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Polk County Enterprise - Local News
Stories Added - February 2009
Copyright 2008 - Polk Count
y Publishing Company

Escaped trash fire threatens homes in Leggett Sunday
Polk County Enterprise - February 2009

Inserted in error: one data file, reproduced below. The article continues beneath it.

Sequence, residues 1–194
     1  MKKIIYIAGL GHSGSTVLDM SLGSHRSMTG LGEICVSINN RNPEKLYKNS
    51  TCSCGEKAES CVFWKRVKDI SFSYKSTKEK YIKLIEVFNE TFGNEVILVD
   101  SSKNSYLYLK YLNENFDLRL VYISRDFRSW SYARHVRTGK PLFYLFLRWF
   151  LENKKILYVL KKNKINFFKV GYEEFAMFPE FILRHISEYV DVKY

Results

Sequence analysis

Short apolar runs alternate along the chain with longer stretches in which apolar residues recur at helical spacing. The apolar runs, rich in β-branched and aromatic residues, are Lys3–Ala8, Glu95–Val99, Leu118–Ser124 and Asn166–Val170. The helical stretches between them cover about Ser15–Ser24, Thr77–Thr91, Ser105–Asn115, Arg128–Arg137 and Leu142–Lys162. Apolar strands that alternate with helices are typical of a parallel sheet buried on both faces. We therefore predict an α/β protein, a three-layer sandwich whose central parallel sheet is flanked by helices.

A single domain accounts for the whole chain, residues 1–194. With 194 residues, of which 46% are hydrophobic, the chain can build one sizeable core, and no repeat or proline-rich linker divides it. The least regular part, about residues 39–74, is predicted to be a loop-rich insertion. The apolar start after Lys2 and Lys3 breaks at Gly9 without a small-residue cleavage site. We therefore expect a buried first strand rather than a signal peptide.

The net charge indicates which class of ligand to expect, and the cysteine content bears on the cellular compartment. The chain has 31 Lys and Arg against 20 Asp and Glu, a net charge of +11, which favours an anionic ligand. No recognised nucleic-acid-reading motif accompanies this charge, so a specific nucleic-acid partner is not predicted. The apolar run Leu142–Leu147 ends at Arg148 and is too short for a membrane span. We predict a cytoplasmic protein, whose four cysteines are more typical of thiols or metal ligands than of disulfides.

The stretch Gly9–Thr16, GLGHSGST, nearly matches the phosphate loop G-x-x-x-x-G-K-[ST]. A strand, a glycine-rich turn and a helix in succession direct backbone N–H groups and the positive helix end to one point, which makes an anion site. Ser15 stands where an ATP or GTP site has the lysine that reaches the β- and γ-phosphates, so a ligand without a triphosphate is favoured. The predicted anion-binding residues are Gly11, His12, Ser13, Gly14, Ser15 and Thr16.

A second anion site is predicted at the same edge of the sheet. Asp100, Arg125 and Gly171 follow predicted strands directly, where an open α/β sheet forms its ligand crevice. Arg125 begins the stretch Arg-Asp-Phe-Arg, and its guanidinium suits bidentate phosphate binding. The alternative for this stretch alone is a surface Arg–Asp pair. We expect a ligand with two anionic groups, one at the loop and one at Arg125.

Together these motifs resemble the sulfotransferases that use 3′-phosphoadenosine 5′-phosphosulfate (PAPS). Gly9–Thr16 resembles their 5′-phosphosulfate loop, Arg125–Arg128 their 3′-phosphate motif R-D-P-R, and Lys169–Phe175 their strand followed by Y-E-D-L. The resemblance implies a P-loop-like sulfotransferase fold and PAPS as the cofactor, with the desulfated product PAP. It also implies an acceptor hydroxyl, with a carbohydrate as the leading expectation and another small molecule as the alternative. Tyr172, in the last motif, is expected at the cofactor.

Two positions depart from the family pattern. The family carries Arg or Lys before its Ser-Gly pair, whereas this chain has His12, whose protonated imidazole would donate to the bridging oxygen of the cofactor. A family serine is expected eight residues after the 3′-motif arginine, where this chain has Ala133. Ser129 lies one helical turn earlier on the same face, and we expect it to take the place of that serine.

COLLEGE STATION — The Texas Forest Service (TFS) is urging citizens across the state to be aware of heightened wildfi re danger due to a low pressure front that will drop humidity levels and produce high winds. That advisory wasn’t news for the Polk County fi re departments. Livingston, Onalaska and Scenic Loop fi refi ghters spent most of Sunday afternoon working to prevent eight to 10 houses in the area from an escaped trash fi re. Roy Sanders, LVFD’s second assistant chief, said a Leggett resident was burning trash on Mabank off 1 Such Road and Fagan Farm Road and it spread to the wooded area nearby. LVFD sent fi ve trucks and 12 fi refi ghters and they were joined by three trucks and fi ve fi refi ghters from Onalaska and Scenic Loop sent one truck and three men. “We tried to surround it, but we didn’t have enough hose,” Sanders said. “It had gone too far.” So the Polk County departments fell back to protect several houses back in the woods and summoned help from TFS. The crew based in Livingston had been called to a wildfi re in San Jacinto and Montgomery counties, so a Tyler County crew was dispatched to the Leggett fire. None of the trucks used by the various VFDs could navigate in the heavily wooded area so they waited for the TFS dozer and kept the fire from moving too near houses. LVFD records show the fire was reported at 2:51 p.m. Sunday and firefighters cleared the scene at 5:30 p.m. Sanders urged Polk County residents to delay any outdoor burning if possible until the area gets substantial rain. No outdoor burning is permitted at all inside the City of Livingston. If rural residents much burn, Sanders said property owners should be sure to stay with the fire and have a ready supply of water to make sure the fire is safely contained. “It won’t take but sone spark to really get something going,” Sanders said. Tom Spencer, TFS predictive services department head, said these conditions could lead to wildfires that spread quickly, pose containment problems and endanger public safety. Though the state saw some precipitation earlier this week, prolonged drought conditions have not improved. In fact, the freezing temperatures only caused droughtcured grasses to become even drier. TFS Predictive Services Department forecasts that through the month of February, fuels, such as grasses and trees, are expected to remain critically dry. Over the past seven days, TFS has responded to five wildfires for 371 acres. According to an online database managed by TFS, fire departments have reported 163 wildfires for 7,899 since last Friday. For more information on fire advisories and area conditions, go to http://texasforestservice.tamu. edu and click on Fire Danger/ Advisories.



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